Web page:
NELSON RODRIGUEZ: It's not about the size of the venue. I do think that the location of the venue matters, and it's been challenging to get here for many fans. Soldier Field is well known, easier to get to, and even on events like the gold cup final, which had 62,000 fans, which clears out pretty easily and pretty quickly.

We do not believe that moving to the city is a salve for all of our issues. We know that there's a lot of other work that we need to do, and our strategic plan has very specific tactics around that.

You know, simply broad highlights, we have to do a better job of connecting with people where they live. So we intending to face-to-face in all 77 neighborhoods. We need to do a better job and have already begun doing a better job with social media. Our level of content and the quality of our content is far greater than its ever been, and the metrics are showing that as we are up across all social media metrics since the start of the year.

We have to market our team more. But I said it somewhat in jest, but the reality, also, is we have to have a product that resonates with the fans, that starts with winning. You know, everyone equates winning with quality, with being good, with entertaining. So.

We have to find ways to win, do so in a representative style that the fans and the public of Chicago will appreciate. But it's a lot of different factors coming together.

Q. When you said "open for business" in your opening statement, how is that different than normal, I guess?
NELSON RODRIGUEZ: Well, look, we're not going to give guys away. You know, I think some teams are trying to capitalize on that knowledge.

So when I receive an offer of 50,000 of allocation and a first-round super draft pick and for Alexander Katai, I'm somewhat from bemused to insulted. But it more than ever should highlight to the players that our sense of urgency is far greater. We have shown I think more than reasonable amount of patience for the group to come together and to gel.

And so now I'll also be more aggressive in seeking opportunities rather than waiting to see what may come our way.

Q. After indicating that you gave the group five games before making decisions, do you feel after those five games that the season is lost?
NELSON RODRIGUEZ: We have always adapted the attitude that if a trophy is on the line, we are going to play to try to win it. Sure, it's more complicated by having a game today, Wednesday and Saturday, before next Tuesday's match.

Pauno and I have already discussed that but we are going to make every attempt to win against a great rival who is in great form, and our expectation that Cruz Azul is also going to play its best players in an attempt to win.

Q. Has there been any discussion in dismissing Veljko Paunovic, and how would you look at his performance this season?
NELSON RODRIGUEZ: You know, Brian, I have said previously and I'll repeat again today: I'll never discussed status of a coach because no answer that ends the discussion.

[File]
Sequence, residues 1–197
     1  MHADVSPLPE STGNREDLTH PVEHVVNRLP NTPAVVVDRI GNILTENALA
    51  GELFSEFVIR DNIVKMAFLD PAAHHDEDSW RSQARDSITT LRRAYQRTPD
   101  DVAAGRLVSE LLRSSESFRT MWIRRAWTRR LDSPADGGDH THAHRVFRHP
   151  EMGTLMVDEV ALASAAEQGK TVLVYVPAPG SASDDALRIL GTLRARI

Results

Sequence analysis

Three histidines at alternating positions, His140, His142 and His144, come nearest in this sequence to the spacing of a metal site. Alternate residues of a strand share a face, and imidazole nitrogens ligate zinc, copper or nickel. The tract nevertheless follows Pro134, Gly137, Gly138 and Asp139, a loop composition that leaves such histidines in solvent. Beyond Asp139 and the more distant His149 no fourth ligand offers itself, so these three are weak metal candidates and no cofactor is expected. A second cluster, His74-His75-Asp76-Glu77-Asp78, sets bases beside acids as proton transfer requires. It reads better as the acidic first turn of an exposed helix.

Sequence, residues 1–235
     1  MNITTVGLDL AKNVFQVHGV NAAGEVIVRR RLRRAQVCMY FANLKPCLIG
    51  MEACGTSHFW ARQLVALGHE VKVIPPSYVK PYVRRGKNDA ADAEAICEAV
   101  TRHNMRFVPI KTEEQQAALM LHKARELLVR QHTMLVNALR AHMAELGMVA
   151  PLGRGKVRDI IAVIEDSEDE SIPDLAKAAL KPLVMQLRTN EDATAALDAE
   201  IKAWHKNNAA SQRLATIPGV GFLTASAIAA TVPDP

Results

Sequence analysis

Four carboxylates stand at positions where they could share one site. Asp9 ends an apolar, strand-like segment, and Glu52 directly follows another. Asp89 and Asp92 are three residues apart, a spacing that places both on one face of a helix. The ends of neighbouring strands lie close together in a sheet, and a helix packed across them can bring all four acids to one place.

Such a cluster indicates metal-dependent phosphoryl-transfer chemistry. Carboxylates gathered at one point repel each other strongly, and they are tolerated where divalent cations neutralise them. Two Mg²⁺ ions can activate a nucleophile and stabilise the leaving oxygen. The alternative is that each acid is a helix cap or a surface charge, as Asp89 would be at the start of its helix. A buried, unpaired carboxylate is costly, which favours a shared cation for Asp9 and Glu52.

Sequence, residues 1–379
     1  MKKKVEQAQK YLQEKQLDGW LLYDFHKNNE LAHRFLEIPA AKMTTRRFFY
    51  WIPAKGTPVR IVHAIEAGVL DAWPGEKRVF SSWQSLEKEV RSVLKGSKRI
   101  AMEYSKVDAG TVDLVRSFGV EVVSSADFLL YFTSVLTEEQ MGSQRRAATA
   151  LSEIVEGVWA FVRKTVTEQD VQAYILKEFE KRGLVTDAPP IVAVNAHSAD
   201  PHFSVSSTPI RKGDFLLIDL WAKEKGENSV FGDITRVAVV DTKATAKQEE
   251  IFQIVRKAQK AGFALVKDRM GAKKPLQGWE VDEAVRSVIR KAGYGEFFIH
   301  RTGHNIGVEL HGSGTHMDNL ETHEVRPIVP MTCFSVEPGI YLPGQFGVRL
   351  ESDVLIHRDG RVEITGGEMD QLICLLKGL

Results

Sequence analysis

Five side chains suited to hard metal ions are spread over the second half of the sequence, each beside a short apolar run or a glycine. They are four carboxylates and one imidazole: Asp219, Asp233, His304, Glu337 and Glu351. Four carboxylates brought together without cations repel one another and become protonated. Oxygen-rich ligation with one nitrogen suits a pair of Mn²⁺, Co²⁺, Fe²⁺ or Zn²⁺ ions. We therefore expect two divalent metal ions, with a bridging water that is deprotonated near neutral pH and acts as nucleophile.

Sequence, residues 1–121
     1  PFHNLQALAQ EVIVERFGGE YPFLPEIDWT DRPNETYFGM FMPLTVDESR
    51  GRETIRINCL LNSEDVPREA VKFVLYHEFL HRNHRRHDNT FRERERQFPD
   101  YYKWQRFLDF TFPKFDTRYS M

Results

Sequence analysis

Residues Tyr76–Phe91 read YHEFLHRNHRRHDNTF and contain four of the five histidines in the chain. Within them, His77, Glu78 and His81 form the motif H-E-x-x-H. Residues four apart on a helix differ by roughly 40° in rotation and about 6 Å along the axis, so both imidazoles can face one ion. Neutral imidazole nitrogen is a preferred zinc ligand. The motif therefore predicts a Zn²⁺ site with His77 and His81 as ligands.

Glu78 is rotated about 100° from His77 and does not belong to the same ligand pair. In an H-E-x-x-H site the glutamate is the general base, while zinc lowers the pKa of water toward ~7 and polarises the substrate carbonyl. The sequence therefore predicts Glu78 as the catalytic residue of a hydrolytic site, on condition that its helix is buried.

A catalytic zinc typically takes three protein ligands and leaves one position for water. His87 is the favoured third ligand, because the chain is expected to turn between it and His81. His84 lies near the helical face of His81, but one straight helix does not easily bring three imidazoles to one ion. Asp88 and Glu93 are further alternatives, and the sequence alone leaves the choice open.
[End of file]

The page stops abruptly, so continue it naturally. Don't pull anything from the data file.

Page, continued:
Q. You brought in David Ousted earlier this year, and a starter for a good part of the season -- what is the situation with him now as he appears to be behind Sanchez, and is there more than just one bad game against San Jose that led to him losing that position?
NELSON RODRIGUEZ: Listen, the could he have of coaching staff makes the decision as to who plays and doesn't play. David is a thorough professional; so I want to be clear, there's nothing outside of how the coaching staff is evaluating performance, performance and training, and what they think is the best lineup to earn a win. Nothing other than that.

Q. On the Adams trade that became official this morning, you said in your press release that you hope this is going to allow the opportunity for a successive move in this window. Can you talk about what parts of the team you are targeting in this window and how you think you can best manage that money?
NELSON RODRIGUEZ: First of all, to be clear, we'll receive the allocation money next year. So this is more a matter of how we manage our roster, roster spots, creating cap space for the senior roster, and the like.

Our plan for this window was designed back in February and March. It evolved a bit as the first window carried through and some of the things we weren't able to do and tried to do. We always try to improve along the lines, so even if we can improve a player that we consider 17th or 18th on the roster, we will do so.

We know that we need to improve competition at the outside backs and we'll continue to look to do that.

We also knew and mentioned that in this window, we would try to see if we could secure designated players, some players that we had been following for a while, even if that meant on-boarding them in January.

A few weeks back, we made a $5 million offer for a young South American player. Unfortunately, a European Team has come in and offered 10 million, and so I don't believe at this point that we will look to match that and sign that player. We have other players, DP level, that we continue to track, monitor. We have not yet made a decision whether to make offers for those players, but we'll see what happens.

And the trade talk within the league is starting to pick up. This window feels short and is short, and so we're fielding more in-bound calls. We have proactively reached out to every team. We're engaged in two, I would say, serious discussions of trades with two different players with two different teams, but we'll see where it takes us.

Q. Could you talk more about the decision to trade Adams, considering the age of the central midfield and the depth of the position?
NELSON RODRIGUEZ: We made a decision with Mo that was impacted by a few different things. First, we didn't think he would make our 11 for the protected list for the expansion draft and currently, you only get $50,000.